1. I'm pretty sure that poor lady in the blue shirt is still sitting on the ground while everyone else is jumping up and down because she just wet herself at the realization that she now has a 60 percent better chance of keeping her job.
  2. Where in the heck did they come up with a Kevin Durant jersey? Did somebody there know something none of us knew?
  3. Who is the guy kissing the Durant jersey, and how did he get to be the lucky one to christen it?
  4. The biggest question of all, though: Where can I buy one of those Durant jerseys? I want one right now.

Let me be the first to say ... Portland sucks!

The sports talk radio airwaves were still abuzz yesterday afternoon with the talk of Kevin Durant likely coming to the Sonics. One of the radio hosts said that the No. 1 and No. 2 pick playing in the same division in two towns in the same region separated by less than 200 miles should lead to what has been a long-dormant rivalry.

My guess is, when the good citizens of Redheaded Stepchild Of The Northwest see this video, it might get ratcheted up even a notch further. Yes, that's the Sonics' employees you hear chanting for Portland to get the No. 3 pick, moments before the Hawks were revealed, to much rejoicing (photo, right).

What I love is that don't even bother to say, "Not the Sonics," which is all that really matters. They just fire a shot right across the bow of the Blazers. Makes me swell with Seattle pride.

The simple reality is that Portland wouldn't be much of a team if it weren't for big brother Seattle to take care of it. After all, we all saw what Portland could do when left to its own devices -- watch out for those Jailblazers!


  • Billionnaire owner of the team? From Seattle, made his billions in Seattle.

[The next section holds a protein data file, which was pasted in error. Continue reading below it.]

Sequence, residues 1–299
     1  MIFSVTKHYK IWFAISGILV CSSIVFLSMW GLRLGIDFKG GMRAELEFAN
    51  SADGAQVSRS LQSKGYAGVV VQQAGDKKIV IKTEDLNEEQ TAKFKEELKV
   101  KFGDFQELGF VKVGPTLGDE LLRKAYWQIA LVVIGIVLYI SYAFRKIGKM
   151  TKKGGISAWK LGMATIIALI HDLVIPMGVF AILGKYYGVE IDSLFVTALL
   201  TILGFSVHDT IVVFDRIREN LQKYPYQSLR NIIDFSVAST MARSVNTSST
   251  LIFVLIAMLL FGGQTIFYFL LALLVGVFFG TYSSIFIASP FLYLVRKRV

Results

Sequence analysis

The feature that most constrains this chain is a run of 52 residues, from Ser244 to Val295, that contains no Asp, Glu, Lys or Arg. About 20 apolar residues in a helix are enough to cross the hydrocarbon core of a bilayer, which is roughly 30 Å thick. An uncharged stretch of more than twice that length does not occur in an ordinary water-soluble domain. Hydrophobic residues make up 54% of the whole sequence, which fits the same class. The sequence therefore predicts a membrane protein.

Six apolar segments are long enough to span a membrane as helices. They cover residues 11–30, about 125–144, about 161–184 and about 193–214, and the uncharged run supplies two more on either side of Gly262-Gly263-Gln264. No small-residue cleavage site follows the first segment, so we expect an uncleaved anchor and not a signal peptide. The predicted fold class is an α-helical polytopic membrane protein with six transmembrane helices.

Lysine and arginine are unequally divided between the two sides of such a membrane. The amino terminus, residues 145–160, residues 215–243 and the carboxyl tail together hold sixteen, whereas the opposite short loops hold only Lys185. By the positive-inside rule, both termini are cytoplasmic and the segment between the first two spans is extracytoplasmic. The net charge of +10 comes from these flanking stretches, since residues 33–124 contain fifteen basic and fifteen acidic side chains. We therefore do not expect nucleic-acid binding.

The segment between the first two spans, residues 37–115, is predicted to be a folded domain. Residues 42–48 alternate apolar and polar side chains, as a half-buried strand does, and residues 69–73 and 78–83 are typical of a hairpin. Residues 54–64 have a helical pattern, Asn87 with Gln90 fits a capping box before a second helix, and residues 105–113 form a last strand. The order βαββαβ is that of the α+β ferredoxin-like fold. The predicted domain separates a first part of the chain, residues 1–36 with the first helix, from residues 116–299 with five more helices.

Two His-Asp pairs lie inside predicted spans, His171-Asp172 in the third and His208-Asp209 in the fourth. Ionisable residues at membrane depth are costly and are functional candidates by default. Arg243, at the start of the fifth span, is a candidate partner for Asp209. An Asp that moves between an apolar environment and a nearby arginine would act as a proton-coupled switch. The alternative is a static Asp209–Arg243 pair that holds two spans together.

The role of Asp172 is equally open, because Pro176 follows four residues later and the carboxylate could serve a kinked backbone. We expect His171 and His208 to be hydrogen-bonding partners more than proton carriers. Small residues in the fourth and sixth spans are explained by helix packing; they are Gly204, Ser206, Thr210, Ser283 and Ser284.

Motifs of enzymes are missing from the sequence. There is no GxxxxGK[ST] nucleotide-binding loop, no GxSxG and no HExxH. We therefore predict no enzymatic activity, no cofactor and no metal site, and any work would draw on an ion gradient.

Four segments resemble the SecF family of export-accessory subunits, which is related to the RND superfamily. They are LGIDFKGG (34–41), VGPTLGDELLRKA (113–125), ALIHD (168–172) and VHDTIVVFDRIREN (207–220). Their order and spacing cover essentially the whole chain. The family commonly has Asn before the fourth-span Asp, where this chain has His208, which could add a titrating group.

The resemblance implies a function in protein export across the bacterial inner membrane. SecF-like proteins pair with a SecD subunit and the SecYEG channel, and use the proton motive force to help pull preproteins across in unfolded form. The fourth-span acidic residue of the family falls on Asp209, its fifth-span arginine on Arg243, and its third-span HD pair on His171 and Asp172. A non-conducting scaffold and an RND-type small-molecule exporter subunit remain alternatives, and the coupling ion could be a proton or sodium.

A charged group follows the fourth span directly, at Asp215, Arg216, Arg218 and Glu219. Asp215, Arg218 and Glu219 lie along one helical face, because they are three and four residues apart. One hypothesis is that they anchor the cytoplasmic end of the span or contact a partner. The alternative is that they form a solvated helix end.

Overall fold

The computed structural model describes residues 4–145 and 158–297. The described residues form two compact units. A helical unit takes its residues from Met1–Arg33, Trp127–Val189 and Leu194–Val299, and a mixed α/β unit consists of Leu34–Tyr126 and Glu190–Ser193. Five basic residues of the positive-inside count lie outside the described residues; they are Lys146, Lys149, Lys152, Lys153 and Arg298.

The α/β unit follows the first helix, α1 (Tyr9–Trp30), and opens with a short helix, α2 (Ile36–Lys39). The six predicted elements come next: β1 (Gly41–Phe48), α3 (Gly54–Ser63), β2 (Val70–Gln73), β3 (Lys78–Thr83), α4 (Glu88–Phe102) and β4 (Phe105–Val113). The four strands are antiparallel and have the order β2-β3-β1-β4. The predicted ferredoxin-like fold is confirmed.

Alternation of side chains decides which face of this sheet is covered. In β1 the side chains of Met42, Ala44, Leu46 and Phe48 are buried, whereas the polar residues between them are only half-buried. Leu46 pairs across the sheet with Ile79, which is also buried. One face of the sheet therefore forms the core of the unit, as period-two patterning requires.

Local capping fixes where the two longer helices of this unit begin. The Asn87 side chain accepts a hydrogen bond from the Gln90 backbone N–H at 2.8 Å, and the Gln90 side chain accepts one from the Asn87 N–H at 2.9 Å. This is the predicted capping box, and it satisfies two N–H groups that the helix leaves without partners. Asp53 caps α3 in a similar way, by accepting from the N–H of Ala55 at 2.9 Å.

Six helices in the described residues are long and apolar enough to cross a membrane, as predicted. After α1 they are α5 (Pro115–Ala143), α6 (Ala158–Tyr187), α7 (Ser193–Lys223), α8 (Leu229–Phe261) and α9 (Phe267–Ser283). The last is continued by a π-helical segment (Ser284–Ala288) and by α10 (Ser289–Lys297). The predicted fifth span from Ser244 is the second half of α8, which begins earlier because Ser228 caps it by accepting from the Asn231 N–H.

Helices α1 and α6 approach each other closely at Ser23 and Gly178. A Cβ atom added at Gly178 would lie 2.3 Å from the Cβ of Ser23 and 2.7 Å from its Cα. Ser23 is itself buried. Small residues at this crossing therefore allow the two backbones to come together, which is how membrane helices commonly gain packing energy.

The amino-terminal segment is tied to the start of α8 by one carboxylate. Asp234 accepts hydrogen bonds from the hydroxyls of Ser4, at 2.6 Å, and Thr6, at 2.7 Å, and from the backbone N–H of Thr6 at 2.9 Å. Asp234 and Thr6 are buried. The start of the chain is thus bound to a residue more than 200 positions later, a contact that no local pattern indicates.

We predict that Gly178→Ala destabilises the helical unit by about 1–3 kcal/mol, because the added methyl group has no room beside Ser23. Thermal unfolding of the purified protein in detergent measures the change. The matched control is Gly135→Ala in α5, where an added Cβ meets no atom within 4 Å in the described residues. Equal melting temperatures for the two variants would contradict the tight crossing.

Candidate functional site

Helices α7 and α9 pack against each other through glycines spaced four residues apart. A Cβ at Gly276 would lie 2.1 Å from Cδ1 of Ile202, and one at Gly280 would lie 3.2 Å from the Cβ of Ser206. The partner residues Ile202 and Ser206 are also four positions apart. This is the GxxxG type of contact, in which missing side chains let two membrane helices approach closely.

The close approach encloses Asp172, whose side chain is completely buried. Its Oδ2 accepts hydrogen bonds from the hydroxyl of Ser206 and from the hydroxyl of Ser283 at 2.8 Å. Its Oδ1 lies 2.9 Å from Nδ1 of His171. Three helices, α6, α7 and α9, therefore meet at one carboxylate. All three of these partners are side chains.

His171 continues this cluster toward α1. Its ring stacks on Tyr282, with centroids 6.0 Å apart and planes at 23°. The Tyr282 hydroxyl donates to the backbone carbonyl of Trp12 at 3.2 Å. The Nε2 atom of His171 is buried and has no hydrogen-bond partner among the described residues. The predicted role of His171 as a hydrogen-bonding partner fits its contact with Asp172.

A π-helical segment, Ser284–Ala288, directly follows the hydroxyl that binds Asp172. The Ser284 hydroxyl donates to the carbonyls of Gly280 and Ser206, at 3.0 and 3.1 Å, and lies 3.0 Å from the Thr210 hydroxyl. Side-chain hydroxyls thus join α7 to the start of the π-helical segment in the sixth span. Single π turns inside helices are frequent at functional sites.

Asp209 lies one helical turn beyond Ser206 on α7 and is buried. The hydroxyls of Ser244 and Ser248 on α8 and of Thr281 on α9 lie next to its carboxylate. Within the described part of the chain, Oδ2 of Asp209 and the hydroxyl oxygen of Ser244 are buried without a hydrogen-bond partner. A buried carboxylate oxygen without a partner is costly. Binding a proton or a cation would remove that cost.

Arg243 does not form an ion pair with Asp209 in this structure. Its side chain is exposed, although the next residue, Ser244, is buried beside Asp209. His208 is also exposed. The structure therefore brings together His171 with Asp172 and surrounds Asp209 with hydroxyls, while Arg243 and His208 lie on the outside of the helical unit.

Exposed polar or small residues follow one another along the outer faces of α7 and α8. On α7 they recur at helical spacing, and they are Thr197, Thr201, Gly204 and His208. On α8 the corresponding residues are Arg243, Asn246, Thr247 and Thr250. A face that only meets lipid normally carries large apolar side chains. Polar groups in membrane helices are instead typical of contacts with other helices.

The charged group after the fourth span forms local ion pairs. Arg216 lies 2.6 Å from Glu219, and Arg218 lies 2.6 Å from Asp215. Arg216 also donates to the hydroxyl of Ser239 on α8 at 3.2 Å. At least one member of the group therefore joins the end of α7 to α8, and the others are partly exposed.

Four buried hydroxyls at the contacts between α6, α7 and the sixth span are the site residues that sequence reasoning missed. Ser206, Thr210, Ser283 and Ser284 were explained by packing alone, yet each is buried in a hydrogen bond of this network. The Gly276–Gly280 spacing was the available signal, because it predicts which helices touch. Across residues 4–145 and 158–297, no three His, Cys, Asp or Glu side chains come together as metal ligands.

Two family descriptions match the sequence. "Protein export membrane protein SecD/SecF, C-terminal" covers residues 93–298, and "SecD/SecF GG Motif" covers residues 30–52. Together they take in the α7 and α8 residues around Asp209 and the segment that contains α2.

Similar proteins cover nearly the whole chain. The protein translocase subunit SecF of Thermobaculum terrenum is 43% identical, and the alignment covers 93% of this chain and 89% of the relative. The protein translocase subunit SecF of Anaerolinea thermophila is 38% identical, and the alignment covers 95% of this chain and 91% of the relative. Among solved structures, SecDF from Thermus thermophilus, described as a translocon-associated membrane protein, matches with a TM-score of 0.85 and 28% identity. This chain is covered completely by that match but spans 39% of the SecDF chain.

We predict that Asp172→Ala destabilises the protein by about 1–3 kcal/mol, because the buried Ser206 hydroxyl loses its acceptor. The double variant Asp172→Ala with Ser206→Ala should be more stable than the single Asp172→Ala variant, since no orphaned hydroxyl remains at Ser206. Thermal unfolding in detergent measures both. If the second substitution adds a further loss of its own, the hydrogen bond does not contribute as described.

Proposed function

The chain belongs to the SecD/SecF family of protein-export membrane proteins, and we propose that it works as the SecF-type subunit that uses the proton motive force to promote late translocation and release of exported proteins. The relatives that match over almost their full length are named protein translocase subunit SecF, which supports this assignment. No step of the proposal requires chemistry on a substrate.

• Coach of the team? Spent entire playing career with the Sonics. Had number retired by the Sonics. Former coach of the Sonics. Family still lives in Seattle.
  • Star of the team, savior of the franchise? Seattle high school and college basketball legend.
  • Top pick the year before? Seattle high school star.
Portland can try to be like us by importing our stars; it might even try to upstage us by actually having a useful light rail system downtown.

But it will never be Seattle, no matter how hard it tries.


Finally, someone agrees with me! (It's a rarity, trust me)

You might remember a post I did about a month ago detailing the futility of the Mariners' offense and why it is impossible for it to achieve any sustained success, centered around the fact that it's a poorly composed lineup full of hackers.

Apparently, I'm not alone. And this is a good thing.

Guest columnist Seth Kolloen -- of Seattlest fame -- reiterates a lot of the points I made, in this morning's Seattle P-I.

STATS Inc. tracks how many pitches MLB hitters see per plate appearance. In 2003, the year before Bill Bavasi became GM, Mariners hitters saw 3.81 pitches per plate appearance -- fourth-most in the American League. ...